Study Indicates Zocor May Have Anti-Cancer Properties
A recent study has suggested that statin medications such as the Merck & Co. manufactured medication Zocor (simvastatin) may have anti-cancer properties. The study was presented in December 2012 at the San Antonio Breast Cancer Symposium (SABCS) and found women taking statins experienced a slight reduction in risk of cancer compared to a control group that wasn’t using statin drugs.
According to the results, women suffering from inflammatory breast cancer had longer periods of disease stability if they had previously used statin medications.
There was no evidence that the use of statins decreased a woman’s risk of developing breast cancer.
Women with breast cancer taking statins had higher disease-free survival (DFS) rate
Pinkal Desai, the lead investigator in the study, examined 154,587 premenopausal women. The rate of women diagnosed with breast cancer who used statins and didn’t use statins was an equal annual rate of 0.42%.
Between the years 1995 and 2011, Dr. Naoto T. Ueno of the University of Texas reviewed the records of 725 women who had been diagnosed and treated for stage 3 breast cancer. She found that women who did not take statins had a disease-free survival (DFS) average of 1.76 years. Women who took lipophilic statins such as Zocor had an average DFS of 2.47 years.
It was noted in the report that statin use “did not extend overall survival in a statistically measurable way.”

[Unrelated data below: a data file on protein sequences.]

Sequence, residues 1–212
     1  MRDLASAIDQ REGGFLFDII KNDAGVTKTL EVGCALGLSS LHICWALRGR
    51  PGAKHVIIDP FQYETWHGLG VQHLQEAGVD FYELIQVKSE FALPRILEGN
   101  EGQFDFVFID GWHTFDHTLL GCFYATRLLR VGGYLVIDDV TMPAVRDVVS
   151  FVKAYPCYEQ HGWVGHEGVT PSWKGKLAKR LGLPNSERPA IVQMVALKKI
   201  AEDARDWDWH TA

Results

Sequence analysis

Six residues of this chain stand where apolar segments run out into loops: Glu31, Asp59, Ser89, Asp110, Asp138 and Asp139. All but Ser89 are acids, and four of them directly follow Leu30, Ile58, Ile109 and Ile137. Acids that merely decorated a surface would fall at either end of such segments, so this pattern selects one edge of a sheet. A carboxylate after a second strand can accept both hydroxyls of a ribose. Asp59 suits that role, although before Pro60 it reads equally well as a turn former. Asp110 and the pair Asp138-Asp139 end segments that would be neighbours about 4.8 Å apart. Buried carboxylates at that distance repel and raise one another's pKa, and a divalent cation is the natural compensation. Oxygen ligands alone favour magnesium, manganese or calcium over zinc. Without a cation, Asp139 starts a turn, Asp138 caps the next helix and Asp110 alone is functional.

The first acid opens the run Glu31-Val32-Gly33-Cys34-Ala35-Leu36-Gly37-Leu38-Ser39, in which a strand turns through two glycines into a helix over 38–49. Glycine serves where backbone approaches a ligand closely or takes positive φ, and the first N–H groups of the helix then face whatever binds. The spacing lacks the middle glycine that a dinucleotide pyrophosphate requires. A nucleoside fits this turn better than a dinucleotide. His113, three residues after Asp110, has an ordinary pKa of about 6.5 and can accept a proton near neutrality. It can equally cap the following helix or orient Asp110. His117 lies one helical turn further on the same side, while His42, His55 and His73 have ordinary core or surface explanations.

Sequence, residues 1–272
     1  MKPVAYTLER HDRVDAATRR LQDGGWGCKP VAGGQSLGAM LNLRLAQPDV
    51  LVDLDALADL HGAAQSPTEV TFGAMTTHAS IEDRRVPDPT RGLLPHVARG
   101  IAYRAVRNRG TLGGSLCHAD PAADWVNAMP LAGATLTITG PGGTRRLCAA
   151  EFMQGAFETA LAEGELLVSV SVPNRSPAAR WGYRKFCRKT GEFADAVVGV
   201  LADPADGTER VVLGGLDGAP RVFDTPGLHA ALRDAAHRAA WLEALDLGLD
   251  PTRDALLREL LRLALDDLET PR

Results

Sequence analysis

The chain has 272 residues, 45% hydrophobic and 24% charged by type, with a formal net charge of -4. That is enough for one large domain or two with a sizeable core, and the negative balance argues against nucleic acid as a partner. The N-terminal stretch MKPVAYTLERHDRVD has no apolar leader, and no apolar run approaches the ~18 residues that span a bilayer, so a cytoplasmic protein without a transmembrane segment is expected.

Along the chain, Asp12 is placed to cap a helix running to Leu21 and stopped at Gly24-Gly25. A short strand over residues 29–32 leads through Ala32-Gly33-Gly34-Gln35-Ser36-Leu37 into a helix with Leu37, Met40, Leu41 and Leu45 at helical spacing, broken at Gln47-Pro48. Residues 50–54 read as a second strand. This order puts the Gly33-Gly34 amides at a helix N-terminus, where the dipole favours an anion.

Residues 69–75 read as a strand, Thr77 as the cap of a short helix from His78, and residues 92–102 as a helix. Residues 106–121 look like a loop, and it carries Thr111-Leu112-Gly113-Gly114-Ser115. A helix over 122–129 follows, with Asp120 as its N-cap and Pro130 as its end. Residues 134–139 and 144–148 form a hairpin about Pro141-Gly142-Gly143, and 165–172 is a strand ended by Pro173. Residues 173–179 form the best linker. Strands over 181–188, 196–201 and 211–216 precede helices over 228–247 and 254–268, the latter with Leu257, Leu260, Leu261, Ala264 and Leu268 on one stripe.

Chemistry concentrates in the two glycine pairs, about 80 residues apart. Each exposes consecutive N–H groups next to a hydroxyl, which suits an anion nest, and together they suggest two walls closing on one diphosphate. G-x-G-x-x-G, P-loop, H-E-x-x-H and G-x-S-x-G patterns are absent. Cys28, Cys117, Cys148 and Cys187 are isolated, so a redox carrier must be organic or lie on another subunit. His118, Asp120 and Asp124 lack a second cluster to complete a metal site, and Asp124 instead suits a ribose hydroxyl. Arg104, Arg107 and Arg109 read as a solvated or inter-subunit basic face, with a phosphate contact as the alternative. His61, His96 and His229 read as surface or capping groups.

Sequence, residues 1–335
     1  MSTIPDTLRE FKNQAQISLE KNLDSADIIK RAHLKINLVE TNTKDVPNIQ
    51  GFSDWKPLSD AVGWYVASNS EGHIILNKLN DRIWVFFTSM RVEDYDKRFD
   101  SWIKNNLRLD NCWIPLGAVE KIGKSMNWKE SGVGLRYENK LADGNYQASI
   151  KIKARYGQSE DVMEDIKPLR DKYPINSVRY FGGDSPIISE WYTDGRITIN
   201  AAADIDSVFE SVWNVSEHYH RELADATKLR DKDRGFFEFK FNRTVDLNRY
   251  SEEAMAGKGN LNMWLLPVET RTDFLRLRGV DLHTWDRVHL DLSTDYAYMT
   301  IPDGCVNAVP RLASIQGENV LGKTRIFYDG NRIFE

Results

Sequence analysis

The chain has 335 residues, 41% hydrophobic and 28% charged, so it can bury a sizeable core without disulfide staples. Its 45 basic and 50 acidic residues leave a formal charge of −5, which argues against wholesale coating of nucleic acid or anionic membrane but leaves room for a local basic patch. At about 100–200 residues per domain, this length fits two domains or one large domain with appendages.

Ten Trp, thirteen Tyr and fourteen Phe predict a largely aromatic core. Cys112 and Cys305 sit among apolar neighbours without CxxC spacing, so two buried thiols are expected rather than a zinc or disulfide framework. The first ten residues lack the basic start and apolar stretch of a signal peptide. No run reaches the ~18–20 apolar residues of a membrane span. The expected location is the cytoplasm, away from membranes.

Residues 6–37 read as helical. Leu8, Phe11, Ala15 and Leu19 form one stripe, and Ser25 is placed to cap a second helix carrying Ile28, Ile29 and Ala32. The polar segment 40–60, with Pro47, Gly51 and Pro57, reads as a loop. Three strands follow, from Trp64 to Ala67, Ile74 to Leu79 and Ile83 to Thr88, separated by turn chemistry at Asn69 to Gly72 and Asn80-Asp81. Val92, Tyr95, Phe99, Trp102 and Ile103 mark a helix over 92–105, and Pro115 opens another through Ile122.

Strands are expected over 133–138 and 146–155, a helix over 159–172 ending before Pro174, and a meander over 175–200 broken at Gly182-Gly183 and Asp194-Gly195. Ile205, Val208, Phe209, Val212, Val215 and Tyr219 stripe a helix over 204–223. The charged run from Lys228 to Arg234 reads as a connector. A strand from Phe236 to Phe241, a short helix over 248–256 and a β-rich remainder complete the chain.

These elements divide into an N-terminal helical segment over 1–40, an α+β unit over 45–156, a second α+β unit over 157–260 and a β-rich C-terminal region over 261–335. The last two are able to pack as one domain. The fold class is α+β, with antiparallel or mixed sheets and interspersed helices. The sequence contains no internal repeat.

Side effects of Zocor can be serious
Zocor is an HMG CoA reductase inhibitor—also known as statins. It is effective by lowering the body’s levels of what is known as “bad” cholesterol and increases “good” cholesterol. Doctors prescribe it to lower a patient’s risk of heart attack and stroke.
The medication has also been linked with Zocor side effects. Commonly they are constipation, indigestion, a mild rash, insomnia, symptoms of a cold, joint pain, and headaches. Other side effects, however, can be far more serious. An allergic reaction to Zocor can be indicated by: fever; muscle pain, tenderness or weakness; discolored urination; painful urination; nausea; jaundice; and swelling and gaining of weight.
These complications can be signals that the patient is suffering from a rare, potentially fatal condition known as rhabdomyolysis.
Patients with rhabdomyolysis are filing Zocor lawsuits
Rhabdomyolysis occurs when the tissues break down and release muscle proteins into the bloodstream. The FDA issued a warning in 2011 concerning the link between Zocor and rhabdomyolysis and referred to high dosage prescriptions of 80 mg and more as more dangerous.
People who have been diagnosed with rhabdomyolysis after using the medication are increasingly pursuing a Zocor lawsuit to recover compensation for their injuries. Those experiencing side effects from Zocor may have the basis to file a lawsuit against Merck.
Patients who have suffered from side effects may be faced with medical expenses, loss of wages, pain and suffering and other problems. Contacting an attorney to discuss filing a lawsuit is an option for those who feel they have been injured due to Zocor.
- FDA Warns of Zocor Risk to Muscles. http://www.webmd.com/cholesterol-management/news/20100319/fda-warns-of-zocor-risk
- Zocor (simvastatin): increased risk of muscle injury with high doses. http://www.fda.gov/Safety/MedWatch/SafetyInformation/SafetyAlerts